In the dynamic global biopharma landscape, competitive intelligence (CI) is as indispensable as ever. Too much of the competitive research conducted by companies today, however, can be described as reactive: seeing an update in the news on an asset in a competitor’s pipeline, and jumping in to log all of the details. Developing a CI approach that is predictive instead, that gives a company a vision of what is coming ahead, can deeply inform how R&D strategy and priorities are established and can spell the difference between first-to-market success and being blind-sided by a swiftly moving rival.
Here are some approaches to competitive intelligence along a classical maturity curve – from ad hoc to visionary – and the reduction in risk seen as companies evolve from reactive to predictive CI.
Ad hoc: By ad hoc, we mean research that is conducted in “look-up” mode as companies respond to industry news. CI assignments are distributed among scientists and others who have other jobs and are not CI specialists. This kind of research relies on canned syndicated reports and other less established information sources.
Risks: The risks for companies that take an ad hoc approach are numerous: they are unable to monitor the competitive landscape pro-actively; they constantly react to more mature players that influence the CI landscape; and they can’t place the intelligence into a pan-R&D context.
Emerging: In this approach, companies license some, but not all, commercial CI data and tools. CI assignments here are channeled through a small knowledge management or library team. There is still a strong reliance on syndicated reports.
Risks: Companies with an emerging approach are still less aware of the pan-R&D landscape and decision-making still relies on multiple ad-hoc research efforts from less well-defined, less comprehensive sources, often times presenting conflicting paths from multiple misaligned sources.
Capable. Here, companies are licensing most forms of commercial CI. Small CI teams may be augmented by external consultants, and are able to support projects as assigned. They still may lack a seamless flow of CI to decision-makers and are constrained by the scope of the licensed sources and tools.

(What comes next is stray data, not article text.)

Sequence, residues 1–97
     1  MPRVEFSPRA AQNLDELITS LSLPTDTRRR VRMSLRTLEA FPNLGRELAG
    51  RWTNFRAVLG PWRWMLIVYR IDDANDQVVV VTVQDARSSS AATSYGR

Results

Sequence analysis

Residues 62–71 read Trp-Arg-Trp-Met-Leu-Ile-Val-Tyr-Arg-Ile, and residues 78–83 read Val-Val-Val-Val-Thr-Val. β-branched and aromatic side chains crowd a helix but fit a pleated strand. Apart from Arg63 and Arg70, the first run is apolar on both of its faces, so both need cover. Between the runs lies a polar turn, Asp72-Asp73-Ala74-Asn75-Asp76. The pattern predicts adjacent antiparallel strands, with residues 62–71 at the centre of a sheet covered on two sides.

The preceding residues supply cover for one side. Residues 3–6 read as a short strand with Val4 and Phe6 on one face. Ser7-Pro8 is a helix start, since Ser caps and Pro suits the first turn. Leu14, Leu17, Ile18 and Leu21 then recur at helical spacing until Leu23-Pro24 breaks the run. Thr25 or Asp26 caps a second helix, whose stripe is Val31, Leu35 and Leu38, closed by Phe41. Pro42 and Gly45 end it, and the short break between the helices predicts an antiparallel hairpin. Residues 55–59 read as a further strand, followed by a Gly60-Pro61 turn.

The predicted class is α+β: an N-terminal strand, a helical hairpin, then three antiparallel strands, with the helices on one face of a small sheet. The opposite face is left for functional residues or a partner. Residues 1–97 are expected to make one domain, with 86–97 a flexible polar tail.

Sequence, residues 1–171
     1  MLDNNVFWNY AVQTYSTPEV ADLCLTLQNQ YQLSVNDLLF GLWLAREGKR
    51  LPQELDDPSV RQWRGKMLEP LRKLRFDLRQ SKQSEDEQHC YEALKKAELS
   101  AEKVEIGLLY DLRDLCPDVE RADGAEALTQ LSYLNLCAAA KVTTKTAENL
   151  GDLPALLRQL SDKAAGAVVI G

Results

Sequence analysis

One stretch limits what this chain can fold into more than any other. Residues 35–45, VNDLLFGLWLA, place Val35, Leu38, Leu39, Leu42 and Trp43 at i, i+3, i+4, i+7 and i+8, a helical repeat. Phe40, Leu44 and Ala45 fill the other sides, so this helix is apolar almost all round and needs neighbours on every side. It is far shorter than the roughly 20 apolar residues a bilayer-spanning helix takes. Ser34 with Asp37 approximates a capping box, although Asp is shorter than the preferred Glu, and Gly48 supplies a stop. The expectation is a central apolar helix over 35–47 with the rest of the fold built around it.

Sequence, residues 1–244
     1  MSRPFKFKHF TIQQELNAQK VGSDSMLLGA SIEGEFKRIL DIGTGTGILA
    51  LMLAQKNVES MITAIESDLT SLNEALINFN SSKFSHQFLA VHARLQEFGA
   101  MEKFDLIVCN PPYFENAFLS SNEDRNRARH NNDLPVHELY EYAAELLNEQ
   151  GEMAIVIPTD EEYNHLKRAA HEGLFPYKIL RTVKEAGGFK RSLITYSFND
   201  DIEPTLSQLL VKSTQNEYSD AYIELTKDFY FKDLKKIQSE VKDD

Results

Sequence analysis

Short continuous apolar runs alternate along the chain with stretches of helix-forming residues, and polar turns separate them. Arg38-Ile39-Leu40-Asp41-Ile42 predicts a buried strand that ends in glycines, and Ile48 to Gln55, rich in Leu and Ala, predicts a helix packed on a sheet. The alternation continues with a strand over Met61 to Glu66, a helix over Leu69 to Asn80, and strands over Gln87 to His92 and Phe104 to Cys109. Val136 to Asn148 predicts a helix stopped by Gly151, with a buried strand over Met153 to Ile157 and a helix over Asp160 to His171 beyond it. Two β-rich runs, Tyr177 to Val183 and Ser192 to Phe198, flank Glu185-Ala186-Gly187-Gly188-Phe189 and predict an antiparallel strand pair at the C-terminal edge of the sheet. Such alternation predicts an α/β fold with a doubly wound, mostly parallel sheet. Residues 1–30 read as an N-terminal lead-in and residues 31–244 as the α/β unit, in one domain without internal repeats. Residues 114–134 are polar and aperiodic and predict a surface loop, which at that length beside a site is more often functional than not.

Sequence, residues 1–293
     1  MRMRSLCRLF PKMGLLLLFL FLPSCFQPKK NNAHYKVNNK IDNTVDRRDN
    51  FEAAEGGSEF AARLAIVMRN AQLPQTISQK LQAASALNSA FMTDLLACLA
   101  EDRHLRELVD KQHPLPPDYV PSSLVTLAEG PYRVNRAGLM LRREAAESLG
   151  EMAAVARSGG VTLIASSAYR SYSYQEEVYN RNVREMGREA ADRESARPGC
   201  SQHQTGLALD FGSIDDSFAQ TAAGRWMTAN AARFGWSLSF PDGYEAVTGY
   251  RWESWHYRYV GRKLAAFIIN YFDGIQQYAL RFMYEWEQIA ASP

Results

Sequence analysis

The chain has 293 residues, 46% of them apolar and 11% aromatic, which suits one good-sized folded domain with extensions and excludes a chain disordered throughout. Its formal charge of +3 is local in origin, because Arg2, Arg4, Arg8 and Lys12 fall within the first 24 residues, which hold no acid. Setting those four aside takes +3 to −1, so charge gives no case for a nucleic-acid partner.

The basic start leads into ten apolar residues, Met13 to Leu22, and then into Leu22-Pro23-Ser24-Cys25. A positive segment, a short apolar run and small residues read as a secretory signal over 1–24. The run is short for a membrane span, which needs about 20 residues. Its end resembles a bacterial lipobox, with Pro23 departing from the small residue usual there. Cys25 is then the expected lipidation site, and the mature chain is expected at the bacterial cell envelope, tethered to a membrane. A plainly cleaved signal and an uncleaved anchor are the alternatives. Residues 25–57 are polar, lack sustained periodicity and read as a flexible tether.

Risks: A biopharma company here may miss opportunities in decision-making not covered by the commercial sources and tools it is using and may be limited to canned reports and data dumps to support decisions.
Tactical: Companies that have developed a tactical approach to CI have the breadth of information sources covered with internal teams or external consultants. They have the resources in place to support all projects, yet do not have a sophisticated monitoring or surveillance network and have not developed an analytics capability for predictive scenarios.
Risks: Decision-makers and users in the tactical approach are reliant on project requests and delivery and CI is not operating in real-time, so decision-makers experience longer than desired turnaround times and have difficulty considering what-if scenarios.
Strategic: Here, the approach to CI has matured to the point where the company has full breadth and depth of data covered. Teams of internal and external experts are using surveillance and monitoring techniques and some analytics, but the company is not yet fully advanced in surveillance or real-time CI distribution and may lack a coherent vision.
Risks: Despite this more rigorous approach, decision-makers and scientists may not catch CI in time to avoid wasted R&D investment or be able to relate specific scientific concepts through tags to real-time CI.
Visionary: Companies that have developed a visionary approach to CI have mastered all the full breadth and depth of industry data and have processes in place to adapt to changes in market dynamics and anticipate evolving research and disruptive innovation. These companies have the greatest ability to perform what-if analyses and therefore influence the CI landscape, and to bring differentiated drugs to market faster than competitors.
Risks: A mature, well-developed, visionary approach to CI creates the least risk to decision-makers.
There are several key characteristics higher performing CI teams achieve, including: the ability to perform holistic analyses of the research and drug R&D pipeline rooted to scientific and commercial strategies; informatics expertise to aid in the curation, integration and delivery of real-time CI; and a higher form of emerging data analytics expertise using statistical and machine learning approaches to inform predictive CI scenarios.
To help measure CI competency within both major pharma and emerging biopharma, Clarivate Analytics has developed a CI Diagnostic survey and independent, objective analysis to assess CI maturity, measuring these critical characteristics to help support new CI strategy and operations.
Attending the BIO International Convention (BIO) in San Diego, CA? Join David Thomas, BIO’s Senior Director of Industry Research, and Richard Harrison, Chief Scientific Officer at Clarivate, for “State of the Innovation Industry” on June 19. Presenters will provide a detailed account of current licensing and M&A trends across the biopharma sector. Learn more.